WELCOME

We are a moderated multi-disciplinary forum for discussion and dissemination of scholarship on urban history and urban studies. As a member of H-NET (Humanities and Social Sciences Online), H-Urban has no geographical or chronological boundaries. Thus, we welcome the involvement of scholars, professionals, and graduate students who are interested in urban places and processes across the globe and in all eras.

Recent Content

PUB: Chronopoulos, “Police Misconduct, Community Opposition, and Urban Governance in New York City, 1945–1965.”

Chronopoulos, Themis. “Police Misconduct, Community Opposition, and Urban Governance in New York City, 1945–1965.” Journal of Urban History. Published online before print in April 2015.

http://juh.sagepub.com/content/early/2015/04/04/0096144215574695.abstract

SEMINAR (Brown): Kiechle, "Visualizing Vapors, Seeing Smells" (May 8)

On Friday, May 8, Melanie Kiechle—a current AAS-NEH long-term fellow, and an assistant professor of history at Virginia Tech—will be presenting as part of the American Antiquarian Society Regional Seminar Series at Brown University. This seminar is also a joint meeting with Brown’s 19th Century U.S. History Workshop. This seminar series is run annually in partnership between AAS and the history departments at Brown University, Clark University, and the University of Connecticut.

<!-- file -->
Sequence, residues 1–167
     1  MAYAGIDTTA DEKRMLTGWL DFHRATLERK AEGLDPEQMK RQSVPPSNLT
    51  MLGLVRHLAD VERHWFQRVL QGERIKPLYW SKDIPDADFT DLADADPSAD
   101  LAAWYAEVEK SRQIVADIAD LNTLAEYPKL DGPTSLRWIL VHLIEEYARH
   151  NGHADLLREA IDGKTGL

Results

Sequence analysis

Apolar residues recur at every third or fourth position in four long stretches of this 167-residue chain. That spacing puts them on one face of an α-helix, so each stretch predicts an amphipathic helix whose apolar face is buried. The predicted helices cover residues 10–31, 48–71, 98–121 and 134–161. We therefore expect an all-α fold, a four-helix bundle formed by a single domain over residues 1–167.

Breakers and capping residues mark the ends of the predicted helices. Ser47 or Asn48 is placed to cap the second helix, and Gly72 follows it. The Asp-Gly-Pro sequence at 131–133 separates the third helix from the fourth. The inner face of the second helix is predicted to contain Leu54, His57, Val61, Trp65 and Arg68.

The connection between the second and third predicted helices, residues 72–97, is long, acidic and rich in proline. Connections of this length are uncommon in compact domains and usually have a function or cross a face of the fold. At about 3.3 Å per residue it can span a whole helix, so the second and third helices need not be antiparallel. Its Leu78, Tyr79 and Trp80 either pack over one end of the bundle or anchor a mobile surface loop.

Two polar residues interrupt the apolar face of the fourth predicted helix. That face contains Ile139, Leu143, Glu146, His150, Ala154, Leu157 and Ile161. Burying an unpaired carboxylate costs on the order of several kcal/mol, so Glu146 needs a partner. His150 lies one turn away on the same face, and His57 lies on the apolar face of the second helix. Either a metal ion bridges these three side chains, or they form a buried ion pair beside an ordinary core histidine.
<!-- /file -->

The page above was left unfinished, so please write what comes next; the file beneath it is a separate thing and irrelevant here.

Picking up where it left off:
SYMPOSIUM (Princeton): The State Between: A Symposium on New Jersey Urbanism (May 1)

THE STATE BETWEEN: A SYMPOSIUM ON NEW JERSEY URBANISM 
May 1, 2015
Betts Auditorium, School of Architecture, Princeton University
 

In the celebrated song "New York, New York," Frank Sinatra’s yearning for success in the big city captures the aspirations of many in his hometown, Hoboken, NJ.

SEMINAR (Chicago): Elliot Gorn on Emmett Till, Chicago, and Mississippi (May 7)

Chicago Urban History Seminar
Thursday, May 7, 2015
Reception at 5:45 p.m.; Dinner at 6:15 p.m.; Speaker at 7:00 p.m.

Elliott Gorn, “Emmett Till, Chicago, and Mississippi”

The Chicago Urban History Seminar is pleased to welcome Elliott Gorn, Joseph A. Gagliano Chair in American Urban History at Loyola University, Chicago, who will speak on his latest research on Emmett Till.

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